The attack on the prison was shocking and exciting, especially with Rick trapped outside the fence. The Governor comes off as a crazy, insane bastard, the same way he pulled up and took out the army men in the first half of the season. Only with just one eye and shooting randomly in the air, he comes off as even scarier.

Was he trying to scare them only? He takes out Axel on his very first shot, from very, very far away. And then, after that, not a single shot actually hits anyone. Were they meaning to miss, or was this just classic television where a thousand rounds go off and everyone is a terrible shot, or was he really just lucky on the first one because Lyle was an easy target and once everyone hit the ground they were legitimately tough to hit? I loved Daryl and Merle jumping into the fray, bringing them back into the fold right away, and Glenn driving in with that “WTF?!” look on his face.

And then, just like that, they were gone again. What will this do to our survivors?

Joshua: Despite the fact that The Governor's raid was reasonably successful inasmuch as it took The Prisonaires off guard, wrecked a fence, and claimed a life,  I'm not so sure it will have the effect he intends. He thinks he's shaken them up, but I think he's only squandered the element of surprise. Remember, this is the same team we saw performing so efficiently at the beginning of the season, moving from place to place like a post-apocalyptic strike team. These are the same people who cleared the overrun prison and claimed it for their own, who snuck into Woodbury in the middle of the night – with no reconnaissance, no concrete plan of attack, led by a stranger who quickly abandoned them – and with a team of just three people, executed a successful rescue mission against a well-armed platoon of guys. They've suffered heavily this year, in a myriad of ways, but even in their current compromised state, they are not to be underestimated.

My hope is that this rather half-hearted preliminary attack will be just the impetus for focus and reconsolidation that they needed, because without question, they're fighting a madman. The detail that stuck out most clearly to me about The Governor's behavior during the attack was not his firing willy-nilly or that loopy grin on his face but the fact that as the bullets rained down on their truck, he never ducked, never flinched, never took cover. I believe the loss of his zom-baby also cost him his will to live, and since he already assigned no value to anyone else's life beyond whatever purpose they serve, now he's just a walking black hole – feral, irrational, unyielding and endlessly hungry. Our heroes better get ready, because I think the next assault will be very different indeed.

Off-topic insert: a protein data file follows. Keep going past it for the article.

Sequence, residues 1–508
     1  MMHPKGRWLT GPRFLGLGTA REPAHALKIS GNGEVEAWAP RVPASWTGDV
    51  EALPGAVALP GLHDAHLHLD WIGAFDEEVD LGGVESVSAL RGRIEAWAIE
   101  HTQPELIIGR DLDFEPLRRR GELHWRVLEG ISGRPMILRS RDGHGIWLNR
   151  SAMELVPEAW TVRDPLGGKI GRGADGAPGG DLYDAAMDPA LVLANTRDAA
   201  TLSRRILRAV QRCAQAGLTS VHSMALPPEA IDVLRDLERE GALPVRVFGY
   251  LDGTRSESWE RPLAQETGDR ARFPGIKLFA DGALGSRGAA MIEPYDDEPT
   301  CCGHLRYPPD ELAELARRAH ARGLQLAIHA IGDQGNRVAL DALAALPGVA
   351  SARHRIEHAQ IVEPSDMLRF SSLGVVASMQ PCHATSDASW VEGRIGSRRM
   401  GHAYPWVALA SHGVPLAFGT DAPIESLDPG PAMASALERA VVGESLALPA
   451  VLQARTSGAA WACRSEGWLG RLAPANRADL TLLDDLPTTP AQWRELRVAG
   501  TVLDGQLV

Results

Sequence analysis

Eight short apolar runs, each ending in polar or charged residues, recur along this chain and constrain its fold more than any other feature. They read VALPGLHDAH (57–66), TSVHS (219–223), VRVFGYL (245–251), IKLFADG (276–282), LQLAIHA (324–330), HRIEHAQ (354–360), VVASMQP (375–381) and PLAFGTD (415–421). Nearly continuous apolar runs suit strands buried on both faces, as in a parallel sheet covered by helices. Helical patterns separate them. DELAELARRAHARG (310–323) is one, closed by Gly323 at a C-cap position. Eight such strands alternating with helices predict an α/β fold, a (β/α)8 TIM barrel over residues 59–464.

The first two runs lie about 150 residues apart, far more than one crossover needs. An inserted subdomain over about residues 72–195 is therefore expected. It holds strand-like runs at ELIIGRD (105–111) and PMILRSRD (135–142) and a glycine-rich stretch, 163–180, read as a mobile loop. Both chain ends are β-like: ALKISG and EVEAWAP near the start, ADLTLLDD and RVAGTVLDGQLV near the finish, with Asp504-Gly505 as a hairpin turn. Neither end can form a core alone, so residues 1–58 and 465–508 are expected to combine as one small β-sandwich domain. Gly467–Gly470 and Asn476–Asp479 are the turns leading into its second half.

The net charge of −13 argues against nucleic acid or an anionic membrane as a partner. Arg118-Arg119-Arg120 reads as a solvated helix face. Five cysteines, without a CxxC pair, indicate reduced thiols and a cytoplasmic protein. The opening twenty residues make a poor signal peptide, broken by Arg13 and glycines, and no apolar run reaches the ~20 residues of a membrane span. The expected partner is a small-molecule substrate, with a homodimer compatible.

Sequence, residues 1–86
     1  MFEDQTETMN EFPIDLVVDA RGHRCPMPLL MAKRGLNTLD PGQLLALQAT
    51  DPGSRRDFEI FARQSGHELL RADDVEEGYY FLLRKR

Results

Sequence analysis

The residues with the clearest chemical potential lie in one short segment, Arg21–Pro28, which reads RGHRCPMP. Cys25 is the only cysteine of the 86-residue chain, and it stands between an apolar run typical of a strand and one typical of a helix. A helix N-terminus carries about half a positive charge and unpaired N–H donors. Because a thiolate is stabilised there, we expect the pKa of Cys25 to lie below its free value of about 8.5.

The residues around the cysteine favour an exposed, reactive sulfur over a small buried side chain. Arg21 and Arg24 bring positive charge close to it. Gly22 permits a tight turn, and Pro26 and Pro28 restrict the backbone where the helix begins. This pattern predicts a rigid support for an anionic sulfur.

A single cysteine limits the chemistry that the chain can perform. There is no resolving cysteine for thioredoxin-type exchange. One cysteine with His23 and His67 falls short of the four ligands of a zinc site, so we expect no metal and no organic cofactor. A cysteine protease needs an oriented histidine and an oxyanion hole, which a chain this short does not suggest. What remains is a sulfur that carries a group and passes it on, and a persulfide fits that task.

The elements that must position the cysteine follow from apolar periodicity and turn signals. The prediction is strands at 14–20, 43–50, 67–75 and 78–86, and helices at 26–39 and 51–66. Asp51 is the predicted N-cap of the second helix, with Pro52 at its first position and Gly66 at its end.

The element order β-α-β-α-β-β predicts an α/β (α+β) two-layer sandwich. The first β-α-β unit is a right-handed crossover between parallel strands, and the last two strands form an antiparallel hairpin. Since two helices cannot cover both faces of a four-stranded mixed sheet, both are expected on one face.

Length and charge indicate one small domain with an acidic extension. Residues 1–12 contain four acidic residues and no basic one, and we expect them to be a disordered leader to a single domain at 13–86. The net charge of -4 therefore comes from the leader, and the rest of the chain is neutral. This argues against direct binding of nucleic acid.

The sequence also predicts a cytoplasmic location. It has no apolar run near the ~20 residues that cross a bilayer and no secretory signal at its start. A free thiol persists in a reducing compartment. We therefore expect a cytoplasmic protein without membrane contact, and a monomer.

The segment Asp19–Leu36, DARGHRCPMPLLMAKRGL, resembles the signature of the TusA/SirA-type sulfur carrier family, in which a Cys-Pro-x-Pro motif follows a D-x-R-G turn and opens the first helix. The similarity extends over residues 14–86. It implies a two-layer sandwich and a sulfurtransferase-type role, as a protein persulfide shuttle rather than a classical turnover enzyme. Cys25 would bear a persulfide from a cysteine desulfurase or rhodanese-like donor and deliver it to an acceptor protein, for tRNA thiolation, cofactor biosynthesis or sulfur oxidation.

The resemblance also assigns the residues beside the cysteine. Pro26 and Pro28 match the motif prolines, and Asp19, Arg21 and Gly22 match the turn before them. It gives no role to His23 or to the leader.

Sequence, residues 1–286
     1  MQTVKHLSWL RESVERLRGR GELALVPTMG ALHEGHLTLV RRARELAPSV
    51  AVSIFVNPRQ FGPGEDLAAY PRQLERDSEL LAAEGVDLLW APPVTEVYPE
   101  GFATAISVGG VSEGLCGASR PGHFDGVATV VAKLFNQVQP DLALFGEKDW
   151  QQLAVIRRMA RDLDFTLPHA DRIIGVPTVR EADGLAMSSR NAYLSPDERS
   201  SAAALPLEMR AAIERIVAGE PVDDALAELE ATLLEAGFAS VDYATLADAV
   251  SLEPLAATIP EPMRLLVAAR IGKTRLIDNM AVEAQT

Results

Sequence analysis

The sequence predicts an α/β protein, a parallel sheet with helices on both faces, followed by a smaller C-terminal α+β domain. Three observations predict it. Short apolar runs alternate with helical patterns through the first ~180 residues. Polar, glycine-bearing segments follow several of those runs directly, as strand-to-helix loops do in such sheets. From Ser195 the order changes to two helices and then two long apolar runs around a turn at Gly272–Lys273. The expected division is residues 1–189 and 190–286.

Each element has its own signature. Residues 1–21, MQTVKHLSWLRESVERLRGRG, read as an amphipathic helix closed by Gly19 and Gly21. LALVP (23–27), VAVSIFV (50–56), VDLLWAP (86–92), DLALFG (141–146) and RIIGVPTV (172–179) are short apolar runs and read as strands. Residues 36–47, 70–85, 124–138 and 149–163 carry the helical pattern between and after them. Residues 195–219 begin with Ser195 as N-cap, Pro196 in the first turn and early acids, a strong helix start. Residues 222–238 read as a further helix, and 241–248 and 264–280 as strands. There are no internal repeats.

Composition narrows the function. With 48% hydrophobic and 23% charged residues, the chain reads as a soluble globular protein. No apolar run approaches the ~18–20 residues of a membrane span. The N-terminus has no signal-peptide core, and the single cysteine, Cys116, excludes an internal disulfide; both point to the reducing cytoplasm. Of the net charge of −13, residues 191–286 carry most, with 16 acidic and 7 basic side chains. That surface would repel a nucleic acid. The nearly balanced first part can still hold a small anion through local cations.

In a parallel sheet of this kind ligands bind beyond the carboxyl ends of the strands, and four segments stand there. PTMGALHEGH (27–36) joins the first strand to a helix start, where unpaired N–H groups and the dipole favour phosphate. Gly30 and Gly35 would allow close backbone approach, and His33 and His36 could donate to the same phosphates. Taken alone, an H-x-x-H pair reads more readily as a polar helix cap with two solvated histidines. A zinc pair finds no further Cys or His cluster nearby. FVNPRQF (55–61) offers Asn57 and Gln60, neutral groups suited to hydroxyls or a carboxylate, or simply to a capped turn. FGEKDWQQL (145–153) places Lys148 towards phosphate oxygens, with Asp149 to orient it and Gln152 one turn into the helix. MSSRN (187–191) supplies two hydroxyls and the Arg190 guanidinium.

A couple of quick things I wanted to highlight for their specific awesomeness before I turn it back over to you for the wrap:

• Carol using Axel's body for cover was brilliant; her presence of mind here lately continues to impress the hell out of me.

• Daryl Dixon: redefining the term 'vehicular manslaughter,' one zombie at a time.

• So, are Tyreese & Co., like, gone gone? I thought for sure they'd be camped out by the fence like Michonne, but apparently Rick's breakdown was scarier than I thought, because they were nowhere to be seen this week. I predict they show up again just in time to save someone's life down the road... Carl, perhaps? We surely haven't seen the last of them.

• “You know I wouldn't have hobbled all the way down here if it wasn't important.” Made me laugh out loud.

• One last prediction: either Andrea is the one who kills The Governor, or he kills her. I feel it in my bones.

That's all I have this week, ma'am. With only six more episodes left this season, what do you think is coming next?

Nikki: You’re right about how savvy our survivors are. I loved the final image of the episode, where Rick, for the first time in a long time, looks straight ahead with a head full of resolve. The Governor’s raid just might have knocked some sense back into him. He’s still mad, but now he’s a madman on a mission. And that could be amazing to watch. The Governor, on the other hand, has gone wackadoo, and that will hurt him. I like the idea of Andrea and him going head to head.